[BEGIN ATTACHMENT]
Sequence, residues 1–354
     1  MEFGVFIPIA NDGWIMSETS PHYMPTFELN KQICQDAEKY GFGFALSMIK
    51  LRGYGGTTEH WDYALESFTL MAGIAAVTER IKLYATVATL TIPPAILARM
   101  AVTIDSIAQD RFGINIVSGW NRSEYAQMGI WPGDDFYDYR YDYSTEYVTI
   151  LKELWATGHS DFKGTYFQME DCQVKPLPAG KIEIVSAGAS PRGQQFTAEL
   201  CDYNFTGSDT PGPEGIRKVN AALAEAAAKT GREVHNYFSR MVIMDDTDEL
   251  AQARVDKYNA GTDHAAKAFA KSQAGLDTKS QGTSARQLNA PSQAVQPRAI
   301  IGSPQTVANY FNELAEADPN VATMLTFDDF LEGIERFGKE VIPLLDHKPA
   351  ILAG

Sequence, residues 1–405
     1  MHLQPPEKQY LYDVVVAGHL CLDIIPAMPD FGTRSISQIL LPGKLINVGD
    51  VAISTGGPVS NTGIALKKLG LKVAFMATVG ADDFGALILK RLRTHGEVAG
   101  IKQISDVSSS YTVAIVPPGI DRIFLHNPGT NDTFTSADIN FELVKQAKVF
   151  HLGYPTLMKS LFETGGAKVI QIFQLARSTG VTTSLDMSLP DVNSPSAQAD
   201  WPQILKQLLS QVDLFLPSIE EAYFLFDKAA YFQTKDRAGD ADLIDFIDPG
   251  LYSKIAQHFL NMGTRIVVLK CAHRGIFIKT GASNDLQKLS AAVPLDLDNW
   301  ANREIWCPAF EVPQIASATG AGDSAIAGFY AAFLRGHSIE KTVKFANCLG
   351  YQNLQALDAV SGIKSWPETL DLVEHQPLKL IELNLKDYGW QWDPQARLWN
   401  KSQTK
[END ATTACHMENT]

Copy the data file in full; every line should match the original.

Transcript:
Sequence, residues 1–354
     1  MEFGVFIPIA NDGWIMSETS PHYMPTFELN KQICQDAEKY GFGFALSMIK
    51  LRGYGGTTEH WDYALESFTL MAGIAAVTER IKLYATVATL TIPPAILARM
   101  AVTIDSIAQD RFGINIVSGW NRSEYAQMGI WPGDDFYDYR YDYSTEYVTI
   151  LKELWATGHS DFKGTYFQME DCQVKPLPAG KIEIVSAGAS PRGQQFTAEL
   201  CDYNFTGSDT PGPEGIRKVN AALAEAAAKT GREVHNYFSR MVIMDDTDEL
   251  AQARVDKYNA GTDHAAKAFA KSQAGLDTKS QGTSARQLNA PSQAVQPRAI
   301  IGSPQTVANY FNELAEADPN VATMLTFDDF LEGIERFGKE VIPLLDHKPA
   351  ILAG

Sequence, residues 1–405
     1  MHLQPPEKQY LYDVVVAGHL CLDIIPAMPD FGTRSISQIL LPGKLINVGD
    51  VAISTGGPVS NTGIALKKLG LKVAFMATVG ADDFGALILK RLRTHGEVAG
   101  IKQISDVSSS YTVAIVPPGI DRIFLHNPGT NDTFTSADIN FELVKQAKVF
   151  HLGYPTLMKS LFETGGAKVI QIFQLARSTG VTTSLDMSLP DVNSPSAQAD
   201  WPQILKQLLS QVDLFLPSIE EAYFLFDKAA YFQTKDRAGD ADLIDFIDPG
   251  LYSKIAQHFL NMGTRIVVLK CAHRGIFIKT GASNDLQKLS AAVPLDLDNW
   301  ANREIWCPAF EVPQIASATG AGDSAIAGFY AAFLRGHSIE KTVKFANCLG
   351  YQNLQALDAV SGIKSWPETL DLVEHQPLKL IELNLKDYGW QWDPQARLWN
   401  KSQTK